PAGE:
6 Unique Wants of Younger Buyers
By Zoe Eisenberg
We already know that today's breed of buyers is unlike the generation that came before. Tech savvy and always on the go, Millennial buyers—a blanket term that includes Gen Y and the Echoboomers--have different expectations when it comes to buying a home. They are often in different places in their lives than their predecessors; many aren't even married yet.
Below are a handful of interesting features Millenial buyers are adding to their “want” list when it comes to searching for that ideal home.
Green home options used to be an added bonus. Now they are becoming a housing staple. Today's younger buyers are greening out in an effort to both reduce their footprint, and their utility bills.
Energy efficient windows and appliances, as well as solar panels, are all the rage in today's home buying market, and according to a recent housing survey, energy-saving washers and dryers were Millennials most sought-after appliance.
High Tech Homes
High-tech is high-priority; nearly two-thirds of Millennials surveyed said they wouldn’t live in a home that wasn’t tech-friendly.
“I encourage builders to recognize how younger buyers want to integrate technology into the home. Now there are apps you can have on your smartphone that allow you to control home temperature, or from a security standpoint, you can monitor camera from your phone,” says Dennis Walsh, CEO of REbuild USA and a leading industry trainer in new home sales and agent certification.
Apps and security systems aside, Millennials are also interested in luxe home-tech; 43 percent surveyed said they would gladly transform a living room into a home theater, and when it comes to the kitchen, 59 percent would rather have a television screen than a second oven.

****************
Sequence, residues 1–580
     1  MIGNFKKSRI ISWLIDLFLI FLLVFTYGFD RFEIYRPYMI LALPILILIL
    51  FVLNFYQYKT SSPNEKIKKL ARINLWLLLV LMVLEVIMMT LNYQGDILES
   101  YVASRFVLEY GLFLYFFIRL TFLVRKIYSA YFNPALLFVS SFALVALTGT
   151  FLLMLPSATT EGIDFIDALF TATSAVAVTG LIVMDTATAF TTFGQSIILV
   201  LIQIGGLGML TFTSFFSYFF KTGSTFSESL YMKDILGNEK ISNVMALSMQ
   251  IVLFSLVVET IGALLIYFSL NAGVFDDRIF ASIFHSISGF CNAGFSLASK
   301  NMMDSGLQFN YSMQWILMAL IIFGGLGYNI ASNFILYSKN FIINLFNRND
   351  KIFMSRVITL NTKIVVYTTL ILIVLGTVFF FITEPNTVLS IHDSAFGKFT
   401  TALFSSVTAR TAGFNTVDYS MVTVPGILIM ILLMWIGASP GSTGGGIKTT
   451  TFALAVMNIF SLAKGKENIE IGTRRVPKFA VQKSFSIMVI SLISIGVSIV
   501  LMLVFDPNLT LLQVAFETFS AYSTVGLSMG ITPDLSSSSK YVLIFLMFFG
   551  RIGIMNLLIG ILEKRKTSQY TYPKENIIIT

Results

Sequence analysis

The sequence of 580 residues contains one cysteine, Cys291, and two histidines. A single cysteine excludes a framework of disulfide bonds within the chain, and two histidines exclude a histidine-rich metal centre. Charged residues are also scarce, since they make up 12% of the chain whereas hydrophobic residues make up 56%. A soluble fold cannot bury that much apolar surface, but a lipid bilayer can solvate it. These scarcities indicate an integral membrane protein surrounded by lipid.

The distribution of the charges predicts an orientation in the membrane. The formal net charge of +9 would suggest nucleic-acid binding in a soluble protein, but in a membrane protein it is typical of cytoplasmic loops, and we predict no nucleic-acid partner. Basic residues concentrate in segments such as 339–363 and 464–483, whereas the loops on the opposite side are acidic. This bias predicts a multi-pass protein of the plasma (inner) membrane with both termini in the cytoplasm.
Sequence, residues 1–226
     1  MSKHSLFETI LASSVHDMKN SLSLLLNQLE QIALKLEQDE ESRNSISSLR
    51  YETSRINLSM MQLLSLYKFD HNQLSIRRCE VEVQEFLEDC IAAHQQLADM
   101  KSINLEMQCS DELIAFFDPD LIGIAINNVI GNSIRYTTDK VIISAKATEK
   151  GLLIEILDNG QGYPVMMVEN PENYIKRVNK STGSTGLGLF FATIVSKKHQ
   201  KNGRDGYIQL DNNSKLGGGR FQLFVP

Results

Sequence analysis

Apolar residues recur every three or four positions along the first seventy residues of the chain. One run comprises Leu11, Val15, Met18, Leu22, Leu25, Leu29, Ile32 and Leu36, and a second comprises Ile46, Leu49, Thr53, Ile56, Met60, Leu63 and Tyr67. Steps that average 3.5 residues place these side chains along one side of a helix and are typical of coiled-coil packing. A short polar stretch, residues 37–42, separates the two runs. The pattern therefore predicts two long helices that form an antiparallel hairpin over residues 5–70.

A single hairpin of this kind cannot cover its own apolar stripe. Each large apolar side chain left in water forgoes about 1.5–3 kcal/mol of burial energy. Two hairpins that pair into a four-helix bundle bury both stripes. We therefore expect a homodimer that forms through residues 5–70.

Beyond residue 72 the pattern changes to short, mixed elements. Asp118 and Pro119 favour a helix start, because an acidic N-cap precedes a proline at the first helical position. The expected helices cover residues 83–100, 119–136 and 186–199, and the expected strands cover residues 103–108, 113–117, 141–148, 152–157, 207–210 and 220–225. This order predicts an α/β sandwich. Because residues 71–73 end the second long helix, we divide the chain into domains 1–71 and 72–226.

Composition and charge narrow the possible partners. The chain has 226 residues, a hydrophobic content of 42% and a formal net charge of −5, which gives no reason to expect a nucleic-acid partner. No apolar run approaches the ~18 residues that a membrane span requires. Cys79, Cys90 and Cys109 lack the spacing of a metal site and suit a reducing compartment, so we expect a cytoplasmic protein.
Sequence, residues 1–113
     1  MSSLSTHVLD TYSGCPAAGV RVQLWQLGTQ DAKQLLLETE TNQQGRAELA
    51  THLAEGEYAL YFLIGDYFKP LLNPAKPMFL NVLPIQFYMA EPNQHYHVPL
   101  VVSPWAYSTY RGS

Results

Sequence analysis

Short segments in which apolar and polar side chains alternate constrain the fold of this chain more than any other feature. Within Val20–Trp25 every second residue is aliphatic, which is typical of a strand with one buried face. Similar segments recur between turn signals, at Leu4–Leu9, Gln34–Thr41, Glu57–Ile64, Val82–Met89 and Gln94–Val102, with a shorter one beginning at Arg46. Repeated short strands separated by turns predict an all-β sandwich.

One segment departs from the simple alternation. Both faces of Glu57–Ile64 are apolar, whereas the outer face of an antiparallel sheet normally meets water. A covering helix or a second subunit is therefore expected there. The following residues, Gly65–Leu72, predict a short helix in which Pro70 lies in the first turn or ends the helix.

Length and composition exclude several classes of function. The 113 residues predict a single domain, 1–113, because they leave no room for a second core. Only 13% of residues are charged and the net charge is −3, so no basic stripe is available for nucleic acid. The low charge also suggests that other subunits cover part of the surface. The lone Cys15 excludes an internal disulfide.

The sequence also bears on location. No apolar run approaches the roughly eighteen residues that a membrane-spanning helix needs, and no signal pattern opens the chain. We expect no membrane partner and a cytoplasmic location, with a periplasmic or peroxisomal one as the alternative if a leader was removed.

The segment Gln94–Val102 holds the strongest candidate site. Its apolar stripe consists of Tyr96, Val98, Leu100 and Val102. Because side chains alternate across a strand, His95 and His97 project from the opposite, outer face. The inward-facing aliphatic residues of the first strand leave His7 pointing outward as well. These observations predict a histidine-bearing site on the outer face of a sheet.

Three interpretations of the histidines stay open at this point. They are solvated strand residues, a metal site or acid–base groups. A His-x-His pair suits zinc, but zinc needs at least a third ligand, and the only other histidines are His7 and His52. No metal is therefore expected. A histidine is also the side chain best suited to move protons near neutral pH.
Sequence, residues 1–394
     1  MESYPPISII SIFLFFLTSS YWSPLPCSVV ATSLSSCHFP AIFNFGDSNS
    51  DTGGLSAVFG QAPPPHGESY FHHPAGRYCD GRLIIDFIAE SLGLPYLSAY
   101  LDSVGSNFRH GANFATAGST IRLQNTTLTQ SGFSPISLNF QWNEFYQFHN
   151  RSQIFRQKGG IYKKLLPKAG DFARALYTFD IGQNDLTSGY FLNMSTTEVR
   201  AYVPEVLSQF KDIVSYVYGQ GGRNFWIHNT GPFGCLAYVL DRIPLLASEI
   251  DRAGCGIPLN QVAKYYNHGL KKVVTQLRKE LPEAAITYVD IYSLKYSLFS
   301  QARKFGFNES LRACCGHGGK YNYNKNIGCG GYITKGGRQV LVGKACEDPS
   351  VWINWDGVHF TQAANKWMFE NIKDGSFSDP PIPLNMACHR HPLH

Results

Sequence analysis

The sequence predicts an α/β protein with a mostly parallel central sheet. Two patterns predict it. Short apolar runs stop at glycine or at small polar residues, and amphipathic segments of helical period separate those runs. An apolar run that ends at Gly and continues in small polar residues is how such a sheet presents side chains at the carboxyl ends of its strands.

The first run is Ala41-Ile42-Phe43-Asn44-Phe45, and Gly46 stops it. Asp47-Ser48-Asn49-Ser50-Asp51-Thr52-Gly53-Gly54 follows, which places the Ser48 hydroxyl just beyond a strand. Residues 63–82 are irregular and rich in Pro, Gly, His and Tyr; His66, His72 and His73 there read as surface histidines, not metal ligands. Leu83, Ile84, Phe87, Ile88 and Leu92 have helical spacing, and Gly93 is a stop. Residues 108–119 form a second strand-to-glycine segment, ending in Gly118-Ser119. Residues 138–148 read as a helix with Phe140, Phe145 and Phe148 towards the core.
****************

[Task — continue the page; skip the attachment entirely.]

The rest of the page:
“Each generation makes decisions that are synonymous with the technology and advancements available to them,” says Aldo Martinez, a broker and branch manager in Las Vegas, Nev. “The home buying decision made today by the millennial generation proves to be cutting-edge and technology driven.”
Extra bedrooms to use as a rec room, a big finished basement or attic - today's buyers want space they can custom feed to their interests, and Walsh notes that buyers are looking for flexible spaces that can be used for multiple purposes. While they may not be looking for that room for baby right now, they may want a game room, a home office or a home gym. Allowing them additional spaces to get creative with provides them with the ability to change their space along with their lifestyle as their needs evolve.
Also popular are smaller living spaces, which are both more manageable for younger buyers, and more efficient. Square footage is not the only thing younger buyers are cutting back on; some are also ditching the stairs.
“Younger buyers who are used to, and enjoy, apartment-style living are now also surprisingly looking for 1 floor homes, a trend that we were formerly seeing with older generations," says Walsh.
Who needs a separate kitchen and dining room? Martinez notes that Millennials consider separate, formal rooms a waste of living area. Instead, they look for open spaces and large great rooms that are easily serviced from the kitchen.
According to a recent home buyer trend survey, many new buyers aren't feeling up to doing it themselves. Scoring a deal on a fixer-upper is less appealing than paying more for something move-in ready.
Martinez notes that Millenials are looking for spaces that are easy to maintain, and do not occupy a lot of their time.
Working with younger buyers? Be sure to be mobile friendly.
“We have entered real time real estate,” says Lennox Scott, chairman and CEO of a real estate firm with coverage in Washington, Oregon, and Idaho. “It’s like mobile technology was made for young buyers. They have their GPS enabled mobile real estate apps, receiving instant updates when new listings come on the market in their selected area and instant communications with their network of friends for recommendations and suggestions”
“Millennials are a very social generation. They like putting their life on “blast,” meaning out there for everyone to see,” says Martinez. “If they are doing it, they are sharing it. Therefore, the homes they live in share those characteristics.”